Cleaning, Pressing and Alterations...

Or Citizens Police Academy (CPA), brought to you by your friendly sheriff's department who, by the way, isn't the "police".

The McHenry County Sheriff's Department will offer the 11-week CPA, starting September 11th. For details, visit

In addition to the Academy schedule, I recommend including Special High-Intensity Training in

A) How to avoid mixing politics and government
B) Knowing where deer are, if you run off the road at night
C) How to spoil a confidential DEA investigation
D) How to identify yourself if in a County squad car and running for office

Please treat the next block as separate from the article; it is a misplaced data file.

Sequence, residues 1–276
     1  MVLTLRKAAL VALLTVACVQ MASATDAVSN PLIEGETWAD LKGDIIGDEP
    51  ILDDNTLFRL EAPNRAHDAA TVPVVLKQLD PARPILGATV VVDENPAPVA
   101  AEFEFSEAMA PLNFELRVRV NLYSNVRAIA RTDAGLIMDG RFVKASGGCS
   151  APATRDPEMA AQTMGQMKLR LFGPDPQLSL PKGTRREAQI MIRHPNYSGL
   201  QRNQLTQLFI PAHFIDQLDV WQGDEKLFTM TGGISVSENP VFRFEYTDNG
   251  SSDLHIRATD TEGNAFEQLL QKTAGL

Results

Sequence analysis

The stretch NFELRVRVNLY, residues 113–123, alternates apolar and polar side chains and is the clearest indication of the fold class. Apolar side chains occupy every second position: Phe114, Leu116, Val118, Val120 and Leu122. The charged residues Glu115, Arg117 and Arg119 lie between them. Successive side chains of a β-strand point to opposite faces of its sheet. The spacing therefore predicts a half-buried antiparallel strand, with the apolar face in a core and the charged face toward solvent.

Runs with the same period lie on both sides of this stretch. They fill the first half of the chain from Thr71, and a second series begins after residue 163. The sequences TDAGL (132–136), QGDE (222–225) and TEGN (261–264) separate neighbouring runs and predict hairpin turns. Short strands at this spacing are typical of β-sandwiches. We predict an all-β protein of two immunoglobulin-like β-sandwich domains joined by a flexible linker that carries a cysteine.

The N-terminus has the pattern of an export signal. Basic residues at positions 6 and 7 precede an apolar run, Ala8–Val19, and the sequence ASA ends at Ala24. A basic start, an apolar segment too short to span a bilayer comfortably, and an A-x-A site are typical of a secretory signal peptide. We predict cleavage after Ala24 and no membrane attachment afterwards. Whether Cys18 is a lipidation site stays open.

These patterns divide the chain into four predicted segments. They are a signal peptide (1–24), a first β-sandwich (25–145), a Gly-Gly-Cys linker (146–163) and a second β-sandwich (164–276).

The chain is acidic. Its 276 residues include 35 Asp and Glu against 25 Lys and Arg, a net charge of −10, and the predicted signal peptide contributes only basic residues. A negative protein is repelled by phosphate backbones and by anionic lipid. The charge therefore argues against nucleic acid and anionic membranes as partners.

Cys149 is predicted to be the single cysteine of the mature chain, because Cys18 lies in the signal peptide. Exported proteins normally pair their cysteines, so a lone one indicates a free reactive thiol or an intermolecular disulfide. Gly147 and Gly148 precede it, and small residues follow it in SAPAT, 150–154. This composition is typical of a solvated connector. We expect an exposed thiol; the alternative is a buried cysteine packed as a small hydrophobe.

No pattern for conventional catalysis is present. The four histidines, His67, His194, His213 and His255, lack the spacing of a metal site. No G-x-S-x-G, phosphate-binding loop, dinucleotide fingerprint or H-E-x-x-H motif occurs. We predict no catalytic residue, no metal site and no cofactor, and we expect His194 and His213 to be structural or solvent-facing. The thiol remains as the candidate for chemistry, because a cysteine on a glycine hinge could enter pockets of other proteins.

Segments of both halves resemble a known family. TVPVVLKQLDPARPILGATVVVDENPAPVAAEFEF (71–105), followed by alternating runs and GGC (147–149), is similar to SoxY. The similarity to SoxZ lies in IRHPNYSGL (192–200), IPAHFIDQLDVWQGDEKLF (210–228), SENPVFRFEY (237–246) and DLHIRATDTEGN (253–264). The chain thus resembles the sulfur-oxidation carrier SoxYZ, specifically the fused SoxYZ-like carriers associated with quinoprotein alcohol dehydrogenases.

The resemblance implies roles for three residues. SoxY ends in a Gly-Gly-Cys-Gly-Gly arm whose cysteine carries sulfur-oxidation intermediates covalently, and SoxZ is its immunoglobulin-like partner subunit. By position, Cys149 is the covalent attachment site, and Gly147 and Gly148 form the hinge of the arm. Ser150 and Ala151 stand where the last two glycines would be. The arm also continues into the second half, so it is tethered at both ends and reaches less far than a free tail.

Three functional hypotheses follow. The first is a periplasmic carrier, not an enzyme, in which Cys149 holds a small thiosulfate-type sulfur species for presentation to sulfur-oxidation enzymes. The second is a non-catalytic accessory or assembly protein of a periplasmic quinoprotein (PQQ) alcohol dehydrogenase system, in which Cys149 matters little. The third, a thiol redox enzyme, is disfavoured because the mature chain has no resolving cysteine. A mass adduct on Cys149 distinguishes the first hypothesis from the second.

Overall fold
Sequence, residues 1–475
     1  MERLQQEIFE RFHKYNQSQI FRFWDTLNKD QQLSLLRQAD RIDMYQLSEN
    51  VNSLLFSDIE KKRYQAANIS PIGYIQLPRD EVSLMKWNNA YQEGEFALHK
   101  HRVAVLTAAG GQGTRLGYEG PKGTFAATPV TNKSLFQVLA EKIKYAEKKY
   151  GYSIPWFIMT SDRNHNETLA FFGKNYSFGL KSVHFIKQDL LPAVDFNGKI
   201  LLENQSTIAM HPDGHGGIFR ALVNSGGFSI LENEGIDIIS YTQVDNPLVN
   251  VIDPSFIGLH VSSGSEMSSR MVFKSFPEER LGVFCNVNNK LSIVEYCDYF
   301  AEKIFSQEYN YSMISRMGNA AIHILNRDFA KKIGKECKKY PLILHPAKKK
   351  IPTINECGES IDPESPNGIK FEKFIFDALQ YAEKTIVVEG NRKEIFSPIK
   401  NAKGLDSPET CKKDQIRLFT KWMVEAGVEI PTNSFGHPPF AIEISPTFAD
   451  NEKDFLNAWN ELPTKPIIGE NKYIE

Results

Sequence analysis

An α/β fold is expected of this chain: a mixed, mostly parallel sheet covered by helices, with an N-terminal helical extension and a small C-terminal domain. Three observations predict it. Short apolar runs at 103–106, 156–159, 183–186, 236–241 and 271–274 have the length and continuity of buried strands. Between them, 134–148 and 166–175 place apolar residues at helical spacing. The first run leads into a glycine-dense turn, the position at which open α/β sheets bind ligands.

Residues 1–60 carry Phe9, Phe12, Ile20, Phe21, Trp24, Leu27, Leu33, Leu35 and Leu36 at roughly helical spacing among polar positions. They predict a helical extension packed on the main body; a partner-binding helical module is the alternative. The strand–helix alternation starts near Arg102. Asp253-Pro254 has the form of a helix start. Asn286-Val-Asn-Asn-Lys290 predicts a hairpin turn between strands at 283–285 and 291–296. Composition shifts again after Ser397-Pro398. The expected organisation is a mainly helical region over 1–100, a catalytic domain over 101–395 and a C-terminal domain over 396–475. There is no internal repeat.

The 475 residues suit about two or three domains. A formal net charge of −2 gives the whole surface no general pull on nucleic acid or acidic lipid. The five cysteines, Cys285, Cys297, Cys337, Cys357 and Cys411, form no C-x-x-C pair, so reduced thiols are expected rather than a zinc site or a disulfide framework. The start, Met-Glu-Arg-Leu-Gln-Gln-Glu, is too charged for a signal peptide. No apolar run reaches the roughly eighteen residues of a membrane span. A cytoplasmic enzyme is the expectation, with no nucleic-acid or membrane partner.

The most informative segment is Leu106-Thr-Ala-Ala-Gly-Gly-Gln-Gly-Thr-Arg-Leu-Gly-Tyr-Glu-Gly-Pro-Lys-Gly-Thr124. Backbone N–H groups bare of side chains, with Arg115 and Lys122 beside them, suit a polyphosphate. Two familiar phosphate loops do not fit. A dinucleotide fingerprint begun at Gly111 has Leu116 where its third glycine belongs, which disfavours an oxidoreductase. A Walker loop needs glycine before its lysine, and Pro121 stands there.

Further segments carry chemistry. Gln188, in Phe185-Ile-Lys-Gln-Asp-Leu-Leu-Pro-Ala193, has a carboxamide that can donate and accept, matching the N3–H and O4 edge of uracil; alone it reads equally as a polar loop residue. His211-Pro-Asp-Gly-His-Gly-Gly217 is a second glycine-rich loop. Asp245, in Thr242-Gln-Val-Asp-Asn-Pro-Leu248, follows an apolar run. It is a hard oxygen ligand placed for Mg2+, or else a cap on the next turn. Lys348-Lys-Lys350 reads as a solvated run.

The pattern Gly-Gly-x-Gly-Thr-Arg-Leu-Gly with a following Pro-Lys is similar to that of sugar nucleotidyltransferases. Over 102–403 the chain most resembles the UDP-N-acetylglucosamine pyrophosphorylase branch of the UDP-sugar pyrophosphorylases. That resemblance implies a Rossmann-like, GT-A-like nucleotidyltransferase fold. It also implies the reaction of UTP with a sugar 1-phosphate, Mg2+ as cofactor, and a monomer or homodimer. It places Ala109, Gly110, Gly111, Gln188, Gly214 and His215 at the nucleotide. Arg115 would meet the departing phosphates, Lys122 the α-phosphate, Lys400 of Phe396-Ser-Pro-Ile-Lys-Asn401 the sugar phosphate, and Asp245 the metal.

E) How to avoid MCSD rules on take-home cars if you live or travel outside McHenry County
F) What to tell the media about dangerous work conditions if you are running for office
G) Understanding chain-of-command and how it might possibly include your boss

McHenry County Ethics Commission - who?

Photo credit: McHenry County Blog
Yes, Virginia, there is a McHenry County Ethics Commission.

According to the County's website, there are five members. They are
Thomas B. Spencer, Chairman
Scott Hartman
Melissa M. Hernandez
Cherie R. Rickert
John White

These are the five who are to show up on Thursday at 3:00PM at the County Administration Building (667 Ware Rd.) to hear Cal Skinner's complaint against Undersheriff Andy Zinke.

Someone once said, "The best defense is a good offense." Did that account for Zinke's email, using a County email system during working hours, to the County Board, using office and personal email addresses?